Being and Nothingness, the for-itself and the in-itself, bad faith, and the existential predicament; these Existentialist concepts were central to the philosophical scene in Europe and America aft
What exactly is a midlife crisis? One way to think about it is that it’s the creeping feeling that what we’re doing with our lives isn’t worthwhile. The midlife crisis is Clarissa Dalloway wondering whether the life she has chosen is the life she should have chosen, and terrified that the answer may be “no.” Or worse: the midlife crisis can be the feeling that no choice of life could ever have been worthwhile. That nothing we could have done would have made that much of a difference in the world. That all choices of vocation are pointless, groundless, and arbitrary.
The problem with that way of understanding it, of course, is that this is really an existential crisis, and an existential crisis is like a Big Mac: you can have one at any time. (It’s arguably just as healthy, too.)
Maybe we could at least say that midlife and the existential crisis go together: it’s a more natural time to start worrying about one’s career choices than, say, grade school. We start to “feel our age”; we suffer the loss of close kin; the prospect of our own death starts to seem less abstract. The fact that we will die, and all those we know will die—that’s what Camus meant when he talked about “the cruel mathematics that command our condition,” the mathematics that, in his view, render all effort unjustifiable.
But maybe we can go further than that. Kieran Setiya, this week’s guest, makes an intriguing additional suggestion. The midlife crisis, he says, is not just caused by the bad things that have happened—the body’s aches and pains, the losses we have suffered, the bad decisions we have made—but also by the good things. We spend our twenties and thirties desperately scurrying to get that promotion, write that book, found that movement, create that app. If we fail, we are unhappy; if we succeed, we don’t feel nearly as satisfied as we thought we would.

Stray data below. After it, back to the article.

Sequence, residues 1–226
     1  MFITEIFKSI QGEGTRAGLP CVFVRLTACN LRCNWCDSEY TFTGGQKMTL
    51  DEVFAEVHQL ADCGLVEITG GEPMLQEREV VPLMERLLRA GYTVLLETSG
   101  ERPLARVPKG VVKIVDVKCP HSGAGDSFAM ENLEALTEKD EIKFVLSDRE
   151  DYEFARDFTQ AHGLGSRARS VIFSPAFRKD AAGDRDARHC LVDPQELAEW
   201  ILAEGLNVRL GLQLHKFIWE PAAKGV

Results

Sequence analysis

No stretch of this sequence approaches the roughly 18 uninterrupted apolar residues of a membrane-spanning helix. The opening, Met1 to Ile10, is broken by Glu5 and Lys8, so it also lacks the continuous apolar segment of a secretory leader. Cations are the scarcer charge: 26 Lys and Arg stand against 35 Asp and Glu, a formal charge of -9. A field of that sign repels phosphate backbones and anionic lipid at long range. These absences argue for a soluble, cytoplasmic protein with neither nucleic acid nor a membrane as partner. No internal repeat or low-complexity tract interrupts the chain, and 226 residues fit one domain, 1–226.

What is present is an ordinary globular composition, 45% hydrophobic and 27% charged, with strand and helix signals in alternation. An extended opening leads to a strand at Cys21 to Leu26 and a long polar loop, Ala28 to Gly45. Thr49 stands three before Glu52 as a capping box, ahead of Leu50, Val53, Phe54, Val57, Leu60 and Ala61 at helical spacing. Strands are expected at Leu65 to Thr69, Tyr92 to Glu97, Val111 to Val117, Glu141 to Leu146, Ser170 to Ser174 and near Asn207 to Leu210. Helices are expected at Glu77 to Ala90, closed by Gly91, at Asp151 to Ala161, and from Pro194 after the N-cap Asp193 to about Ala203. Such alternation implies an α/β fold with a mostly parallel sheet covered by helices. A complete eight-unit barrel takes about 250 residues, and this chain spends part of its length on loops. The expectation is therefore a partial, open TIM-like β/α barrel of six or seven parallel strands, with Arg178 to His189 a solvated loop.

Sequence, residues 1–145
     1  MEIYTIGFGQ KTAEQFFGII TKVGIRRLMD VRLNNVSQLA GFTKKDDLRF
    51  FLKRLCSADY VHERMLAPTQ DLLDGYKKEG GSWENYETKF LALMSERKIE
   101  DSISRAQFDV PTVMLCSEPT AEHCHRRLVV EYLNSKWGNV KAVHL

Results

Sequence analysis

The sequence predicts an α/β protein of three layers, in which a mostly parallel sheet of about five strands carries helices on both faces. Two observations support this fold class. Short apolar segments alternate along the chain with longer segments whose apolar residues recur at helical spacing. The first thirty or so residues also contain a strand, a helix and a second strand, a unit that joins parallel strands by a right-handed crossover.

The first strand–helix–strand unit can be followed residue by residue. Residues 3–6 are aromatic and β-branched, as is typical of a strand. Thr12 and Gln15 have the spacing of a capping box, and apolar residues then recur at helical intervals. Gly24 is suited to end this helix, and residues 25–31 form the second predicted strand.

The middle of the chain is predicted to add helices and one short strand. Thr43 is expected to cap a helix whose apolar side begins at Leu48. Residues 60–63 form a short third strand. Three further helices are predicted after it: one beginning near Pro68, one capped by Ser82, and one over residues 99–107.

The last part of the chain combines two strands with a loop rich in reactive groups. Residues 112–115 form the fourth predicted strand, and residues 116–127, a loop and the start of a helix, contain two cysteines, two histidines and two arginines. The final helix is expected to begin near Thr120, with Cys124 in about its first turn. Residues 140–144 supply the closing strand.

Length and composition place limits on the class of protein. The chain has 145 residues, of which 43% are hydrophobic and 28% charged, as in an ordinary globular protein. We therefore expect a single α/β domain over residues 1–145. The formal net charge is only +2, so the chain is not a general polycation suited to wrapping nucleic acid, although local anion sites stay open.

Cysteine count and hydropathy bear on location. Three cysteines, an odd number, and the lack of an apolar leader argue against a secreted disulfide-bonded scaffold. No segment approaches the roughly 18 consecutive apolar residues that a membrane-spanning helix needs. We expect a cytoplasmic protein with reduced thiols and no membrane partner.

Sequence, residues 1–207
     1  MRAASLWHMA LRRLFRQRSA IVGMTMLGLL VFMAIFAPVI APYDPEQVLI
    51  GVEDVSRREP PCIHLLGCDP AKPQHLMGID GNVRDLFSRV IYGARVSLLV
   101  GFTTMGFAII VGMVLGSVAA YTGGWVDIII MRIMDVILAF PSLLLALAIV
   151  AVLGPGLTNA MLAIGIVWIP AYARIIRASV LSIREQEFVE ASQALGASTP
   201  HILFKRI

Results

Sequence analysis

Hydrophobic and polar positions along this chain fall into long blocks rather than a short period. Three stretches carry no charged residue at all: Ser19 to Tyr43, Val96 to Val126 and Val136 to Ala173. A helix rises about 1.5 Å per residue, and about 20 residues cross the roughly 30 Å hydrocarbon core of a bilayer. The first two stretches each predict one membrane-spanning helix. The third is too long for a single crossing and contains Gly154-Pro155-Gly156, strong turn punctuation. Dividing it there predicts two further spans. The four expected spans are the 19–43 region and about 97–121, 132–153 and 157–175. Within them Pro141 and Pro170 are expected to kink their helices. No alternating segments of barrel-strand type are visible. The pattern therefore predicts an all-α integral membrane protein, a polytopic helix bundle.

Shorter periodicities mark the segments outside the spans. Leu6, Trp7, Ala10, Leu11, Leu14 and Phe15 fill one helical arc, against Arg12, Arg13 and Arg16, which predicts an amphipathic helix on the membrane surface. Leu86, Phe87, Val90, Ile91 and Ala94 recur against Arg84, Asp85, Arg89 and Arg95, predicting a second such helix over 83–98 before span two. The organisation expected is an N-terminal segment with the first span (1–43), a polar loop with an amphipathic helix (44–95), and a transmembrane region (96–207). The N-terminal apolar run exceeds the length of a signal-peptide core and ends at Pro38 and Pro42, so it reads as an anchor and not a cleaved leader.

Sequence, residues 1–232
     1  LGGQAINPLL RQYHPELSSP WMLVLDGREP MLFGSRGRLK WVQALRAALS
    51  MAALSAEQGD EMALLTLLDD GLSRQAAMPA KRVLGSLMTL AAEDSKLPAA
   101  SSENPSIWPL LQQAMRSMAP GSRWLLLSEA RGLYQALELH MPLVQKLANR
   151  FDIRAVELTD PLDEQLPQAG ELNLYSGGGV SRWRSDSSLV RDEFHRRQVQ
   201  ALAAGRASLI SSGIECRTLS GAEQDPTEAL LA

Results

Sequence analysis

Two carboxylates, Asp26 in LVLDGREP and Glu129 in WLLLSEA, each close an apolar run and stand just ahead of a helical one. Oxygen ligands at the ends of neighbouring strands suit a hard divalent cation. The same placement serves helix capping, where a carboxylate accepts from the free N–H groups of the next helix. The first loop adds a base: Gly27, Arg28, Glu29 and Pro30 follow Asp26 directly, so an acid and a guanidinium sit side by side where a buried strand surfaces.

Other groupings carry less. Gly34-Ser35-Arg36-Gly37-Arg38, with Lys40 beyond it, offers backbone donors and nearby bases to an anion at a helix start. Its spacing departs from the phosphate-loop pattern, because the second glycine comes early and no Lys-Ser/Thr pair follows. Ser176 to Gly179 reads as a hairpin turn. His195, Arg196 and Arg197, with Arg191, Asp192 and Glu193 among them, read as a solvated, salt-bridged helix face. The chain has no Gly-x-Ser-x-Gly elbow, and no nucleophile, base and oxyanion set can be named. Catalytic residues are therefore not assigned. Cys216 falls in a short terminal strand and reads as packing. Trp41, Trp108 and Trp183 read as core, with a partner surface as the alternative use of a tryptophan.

So maybe the midlife crisis, for those who experience one, is life telling us something about the structure of desire. Maybe life is telling us that we are foolish if we focus all our energy on projects and goals, and that instead we should be enjoying the process, the journey, the road. Maybe, says Kieran, we should also start doing things that have no goal, like walking or (drum roll please) philosophy.
Is that right? I don’t know. I also like what C. P. Cavafy has to say in his beautiful poem “Ithaka.”
As you set out for Ithaka
hope your road is a long one,
full of adventure, full of discovery. …
Better if it lasts for years,
so you’re old by the time you reach the island,
wealthy with all you’ve gained on the way,
not expecting Ithaka to make you rich.
Ithaka gave you the marvelous journey.
Without her you wouldn’t have set out.
Yes, we’d better learn to enjoy the journey. But without a destination, there is no journey—there’s only aimless wandering about. “Ithaka gave you the marvelous journey.” Maybe that’s the wisdom of midlife: keep your goals, and try to pick good ones, but enjoy them for the journeys they make possible.
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We know what it means for a painting to be beautiful. But what about a life? Like great works of art, great people exhibit style, originality, and creativity.
Simone de Beauvoir is often cast as only a novelist or a mere echo of Jean-Paul Sartre.
Many goals are too complex for one person to accomplish alone. Every day, we pool together our planning abilities with those around us to get things done.
Albert Camus is most famous for his existential works of fiction including The Stranger as well as his philosophical essay The Myth of Sisyphus.
Jean-Paul Sartre was one of the first global public intellectuals, famous for his popular existentialist philosophy, his works of fiction, and his rivalry with Albert Camus.
At some point or another, the midlife crisis comes for us all. But what is it really about?